At Strathclyde, Dr. Xiao currently leads CFD and computational structural dynamics research groups. Her main research interests lie in the use of CFD for flow analysis in bio-inspired applications and in ocean renewable energy. Examples of her research activities include studies on the physical phenomena associated with flapping wings, swimming fish, bio-inspired underwater robots, flapping-related tidal energy devices, tidal turbines, fixed and floating wind turbines, and fluid–structure interaction phenomena such as vortex-induced vibration (see Fig. 3 for some examples of her work).
Over her academic career, Dr. Xiao has been the primary supervisor for eight Ph.D. graduates and she currently supervises seven additional Ph.D. students. She has published over 130 original research articles in peer-reviewed journals and conferences.
In addition to her extensive research activities, Dr. Xiao is currently a member of the International Towing Tank Conference Ocean Engineering Committee. She is also an Editorial Board member for the journal, Ocean Engineering. She is a senior member of the American Institute of Aeronautics and Astronautics. Dr. Xiao has been selected as a Grant Reviewer for the Engineering and Physical Sciences Research Council in the United Kingdom and for the Research Council of Norway.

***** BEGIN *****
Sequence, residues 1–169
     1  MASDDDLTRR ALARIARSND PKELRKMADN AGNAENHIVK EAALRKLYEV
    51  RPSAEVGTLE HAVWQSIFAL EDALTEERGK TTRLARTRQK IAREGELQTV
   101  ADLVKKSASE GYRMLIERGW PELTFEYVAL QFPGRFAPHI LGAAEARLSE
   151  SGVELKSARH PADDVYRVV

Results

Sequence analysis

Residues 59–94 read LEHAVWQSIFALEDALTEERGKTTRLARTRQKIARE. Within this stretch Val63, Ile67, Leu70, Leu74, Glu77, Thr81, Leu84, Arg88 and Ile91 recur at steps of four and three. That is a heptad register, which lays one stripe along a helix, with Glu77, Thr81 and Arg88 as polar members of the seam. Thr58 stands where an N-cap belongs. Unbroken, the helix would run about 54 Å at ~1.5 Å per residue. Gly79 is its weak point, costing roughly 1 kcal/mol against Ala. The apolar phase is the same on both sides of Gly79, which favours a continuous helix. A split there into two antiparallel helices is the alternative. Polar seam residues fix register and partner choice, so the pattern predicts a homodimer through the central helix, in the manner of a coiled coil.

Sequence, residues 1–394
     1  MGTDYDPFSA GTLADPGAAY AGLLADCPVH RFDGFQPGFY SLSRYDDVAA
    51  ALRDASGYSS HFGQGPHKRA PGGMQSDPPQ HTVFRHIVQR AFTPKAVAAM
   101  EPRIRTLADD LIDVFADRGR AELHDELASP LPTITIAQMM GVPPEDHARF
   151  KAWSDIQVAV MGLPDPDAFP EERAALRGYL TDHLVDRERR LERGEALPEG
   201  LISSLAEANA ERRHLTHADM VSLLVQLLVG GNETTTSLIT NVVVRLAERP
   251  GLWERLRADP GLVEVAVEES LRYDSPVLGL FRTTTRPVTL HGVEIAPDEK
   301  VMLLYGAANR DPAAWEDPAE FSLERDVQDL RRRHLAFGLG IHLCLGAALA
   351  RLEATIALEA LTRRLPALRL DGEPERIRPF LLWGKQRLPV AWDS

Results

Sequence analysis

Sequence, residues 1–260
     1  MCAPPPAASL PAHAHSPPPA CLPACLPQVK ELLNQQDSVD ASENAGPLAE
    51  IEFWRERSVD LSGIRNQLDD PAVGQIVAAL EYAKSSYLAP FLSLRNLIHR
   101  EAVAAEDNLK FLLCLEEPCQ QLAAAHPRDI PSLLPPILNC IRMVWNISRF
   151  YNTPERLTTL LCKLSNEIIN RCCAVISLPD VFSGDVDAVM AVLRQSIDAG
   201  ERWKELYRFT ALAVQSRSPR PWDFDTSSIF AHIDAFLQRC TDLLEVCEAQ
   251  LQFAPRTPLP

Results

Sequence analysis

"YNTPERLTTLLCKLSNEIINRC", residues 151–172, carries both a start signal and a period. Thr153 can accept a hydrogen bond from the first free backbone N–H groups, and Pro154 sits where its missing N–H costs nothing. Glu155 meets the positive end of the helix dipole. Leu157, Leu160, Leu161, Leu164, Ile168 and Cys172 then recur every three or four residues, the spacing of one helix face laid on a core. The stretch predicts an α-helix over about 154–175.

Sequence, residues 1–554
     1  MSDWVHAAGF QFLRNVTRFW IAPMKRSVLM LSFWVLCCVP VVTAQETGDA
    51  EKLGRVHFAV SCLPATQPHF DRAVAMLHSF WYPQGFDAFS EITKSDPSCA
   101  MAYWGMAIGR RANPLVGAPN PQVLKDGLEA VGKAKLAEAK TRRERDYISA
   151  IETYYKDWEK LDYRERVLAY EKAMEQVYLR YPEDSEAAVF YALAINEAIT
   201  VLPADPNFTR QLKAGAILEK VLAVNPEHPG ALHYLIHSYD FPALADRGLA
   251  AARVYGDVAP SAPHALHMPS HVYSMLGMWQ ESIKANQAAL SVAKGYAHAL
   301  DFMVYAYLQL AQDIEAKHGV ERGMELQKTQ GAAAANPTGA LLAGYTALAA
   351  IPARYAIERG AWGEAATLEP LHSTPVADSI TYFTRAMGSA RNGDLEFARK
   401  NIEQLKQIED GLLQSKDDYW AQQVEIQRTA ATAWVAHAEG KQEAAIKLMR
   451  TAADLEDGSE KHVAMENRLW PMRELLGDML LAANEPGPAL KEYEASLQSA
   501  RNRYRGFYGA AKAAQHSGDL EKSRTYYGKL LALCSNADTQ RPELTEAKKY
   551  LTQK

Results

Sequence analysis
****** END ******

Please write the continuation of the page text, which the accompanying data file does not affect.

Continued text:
In Dr. Xiao's words: “CFD has become and will continue to be an effective tool for exploring and verifying flow physics associated with ocean renewable energy devices and bio-inspired marine applications. With relatively low-cost but high-fidelity numerical modelling tools, we are able to replicate, perform and conduct successfully a wide range of parametric studies. Such studies are difficult to achieve in laboratory tests, which are limited in their ability to analyze, for instance, aquatic fish swimming behavior, including body stiffness and flow conditions. CFD, in contrast, has superior capabilities for conducting studies of bio-inspired soft robots with applications for Autonomous Underwater Vehicle (AUV) use. CFD also makes it possible to obtain accurate solutions for complex fluid- and structure-interaction problems.” This is evidenced, for instance, by the utilization of an advanced numerical tool developed by Dr. Xiao's team to address regular and extreme wave and wind conditions for offshore floating wind turbines. Although calculation speeds for CFD still lag some industry analysis tools, Dr. Xiao strongly believes that this limitation will be overcome in the near future with rapid advancement in computer hardware. This will enable wider application of CFD to address complex ocean and offshore engineering problems.